This study explores the perceived meaning of dependency on care as experienced by intensive care patients. Research from non-intensive settings shows that dependency is often experienced negatively, but literature on the subject experienced by patients in the ICU is sparse. The study is based on in-depth qualitative semi-structured interviews of lived experience with three former patients admitted to an intensive care unit at a Danish university hospital. The in-depth interviews have been characterized as narratives. The main inspiration for the analysis method is Ricoeur's phenomenological hermeneutical interpretation theory. The study has found that dependency is experienced as difficult, and the relationship with the nurses seems to be ambivalent. The good relationship is experienced to make dependency easier, whereas negative experiences make it harder to cope with dependency. The participants deal with dependency by accepting negative experiences in gratitude for having recovered from critical illness. The findings might be influenced by studies being conducted in a western country setting where independence is valued. They can be used as means of reflection on nursing practice and matters such as communication and patient participation.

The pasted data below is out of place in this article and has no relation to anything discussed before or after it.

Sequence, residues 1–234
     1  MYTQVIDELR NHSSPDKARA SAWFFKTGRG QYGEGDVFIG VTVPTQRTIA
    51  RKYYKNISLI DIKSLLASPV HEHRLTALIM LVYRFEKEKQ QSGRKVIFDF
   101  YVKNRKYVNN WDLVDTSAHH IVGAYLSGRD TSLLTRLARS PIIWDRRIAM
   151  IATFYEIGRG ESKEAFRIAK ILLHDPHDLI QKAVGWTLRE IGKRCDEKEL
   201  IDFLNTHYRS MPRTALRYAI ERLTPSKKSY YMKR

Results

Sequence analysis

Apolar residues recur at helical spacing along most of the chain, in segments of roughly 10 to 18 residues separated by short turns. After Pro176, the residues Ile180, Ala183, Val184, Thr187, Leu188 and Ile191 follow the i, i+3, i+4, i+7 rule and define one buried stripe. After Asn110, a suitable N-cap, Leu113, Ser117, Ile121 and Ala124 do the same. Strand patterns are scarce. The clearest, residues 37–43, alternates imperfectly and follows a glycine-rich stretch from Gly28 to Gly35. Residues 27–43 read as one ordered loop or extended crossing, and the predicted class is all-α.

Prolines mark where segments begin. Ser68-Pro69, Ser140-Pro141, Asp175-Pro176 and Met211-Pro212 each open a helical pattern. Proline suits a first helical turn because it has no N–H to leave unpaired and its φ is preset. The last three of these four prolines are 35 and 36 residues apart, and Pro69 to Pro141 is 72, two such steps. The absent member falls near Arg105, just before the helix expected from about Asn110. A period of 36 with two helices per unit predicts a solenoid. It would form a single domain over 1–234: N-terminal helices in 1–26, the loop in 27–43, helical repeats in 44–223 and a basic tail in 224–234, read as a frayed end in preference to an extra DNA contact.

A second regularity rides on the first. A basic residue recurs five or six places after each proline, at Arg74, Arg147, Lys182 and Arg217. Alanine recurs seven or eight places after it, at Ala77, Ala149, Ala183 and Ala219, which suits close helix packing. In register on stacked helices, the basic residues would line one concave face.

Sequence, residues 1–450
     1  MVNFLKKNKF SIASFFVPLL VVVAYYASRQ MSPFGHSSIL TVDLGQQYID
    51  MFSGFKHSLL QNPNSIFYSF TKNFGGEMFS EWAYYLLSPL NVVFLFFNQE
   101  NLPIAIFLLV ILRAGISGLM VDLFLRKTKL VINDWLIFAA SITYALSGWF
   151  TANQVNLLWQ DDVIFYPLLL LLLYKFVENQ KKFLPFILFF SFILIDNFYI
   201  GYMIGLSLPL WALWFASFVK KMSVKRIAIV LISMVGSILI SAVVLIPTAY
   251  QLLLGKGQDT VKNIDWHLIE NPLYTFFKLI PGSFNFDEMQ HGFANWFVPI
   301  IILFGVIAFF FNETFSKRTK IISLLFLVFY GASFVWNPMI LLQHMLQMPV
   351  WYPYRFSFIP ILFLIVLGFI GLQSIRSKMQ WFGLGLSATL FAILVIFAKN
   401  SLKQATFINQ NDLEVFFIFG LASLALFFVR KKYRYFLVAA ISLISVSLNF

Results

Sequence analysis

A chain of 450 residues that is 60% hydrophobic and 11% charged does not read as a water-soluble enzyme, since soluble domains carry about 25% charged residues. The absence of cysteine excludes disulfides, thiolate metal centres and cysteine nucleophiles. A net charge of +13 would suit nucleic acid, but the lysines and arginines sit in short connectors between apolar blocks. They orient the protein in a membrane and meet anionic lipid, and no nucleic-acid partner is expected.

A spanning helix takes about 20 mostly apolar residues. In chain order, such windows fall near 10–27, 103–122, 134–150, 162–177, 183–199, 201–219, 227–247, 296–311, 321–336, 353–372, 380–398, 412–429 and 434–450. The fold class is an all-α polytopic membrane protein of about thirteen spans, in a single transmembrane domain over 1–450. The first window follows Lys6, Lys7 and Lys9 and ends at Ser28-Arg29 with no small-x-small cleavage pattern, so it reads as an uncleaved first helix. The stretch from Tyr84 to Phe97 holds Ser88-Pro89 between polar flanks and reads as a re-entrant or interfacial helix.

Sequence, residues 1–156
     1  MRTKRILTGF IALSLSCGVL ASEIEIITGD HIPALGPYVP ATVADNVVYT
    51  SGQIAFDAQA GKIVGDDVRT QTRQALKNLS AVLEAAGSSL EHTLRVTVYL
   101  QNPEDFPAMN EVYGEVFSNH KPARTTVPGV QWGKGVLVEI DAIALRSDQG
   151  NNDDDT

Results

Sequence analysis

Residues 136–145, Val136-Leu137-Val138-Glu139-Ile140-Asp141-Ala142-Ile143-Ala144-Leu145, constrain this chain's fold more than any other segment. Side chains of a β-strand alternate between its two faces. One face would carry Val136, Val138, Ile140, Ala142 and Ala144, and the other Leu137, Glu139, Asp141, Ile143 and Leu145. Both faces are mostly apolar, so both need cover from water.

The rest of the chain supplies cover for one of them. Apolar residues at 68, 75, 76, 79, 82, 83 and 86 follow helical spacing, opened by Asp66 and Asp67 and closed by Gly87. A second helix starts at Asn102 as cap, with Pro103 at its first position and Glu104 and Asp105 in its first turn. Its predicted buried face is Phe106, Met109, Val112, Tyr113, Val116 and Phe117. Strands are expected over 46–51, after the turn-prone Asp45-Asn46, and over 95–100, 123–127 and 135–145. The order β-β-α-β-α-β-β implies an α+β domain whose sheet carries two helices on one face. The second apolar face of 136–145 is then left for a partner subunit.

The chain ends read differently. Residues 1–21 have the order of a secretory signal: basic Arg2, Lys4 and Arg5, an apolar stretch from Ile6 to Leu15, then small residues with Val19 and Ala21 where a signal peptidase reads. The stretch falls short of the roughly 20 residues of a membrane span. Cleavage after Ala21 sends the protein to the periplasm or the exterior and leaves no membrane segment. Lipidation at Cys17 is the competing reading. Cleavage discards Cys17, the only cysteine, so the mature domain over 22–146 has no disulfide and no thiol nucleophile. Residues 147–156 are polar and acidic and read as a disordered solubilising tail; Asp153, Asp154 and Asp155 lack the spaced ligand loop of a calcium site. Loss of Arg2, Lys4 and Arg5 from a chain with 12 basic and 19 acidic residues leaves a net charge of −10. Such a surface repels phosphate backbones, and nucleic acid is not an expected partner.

International Journal of Qualitative Studies on Health and Well-being, 2015, Vol 10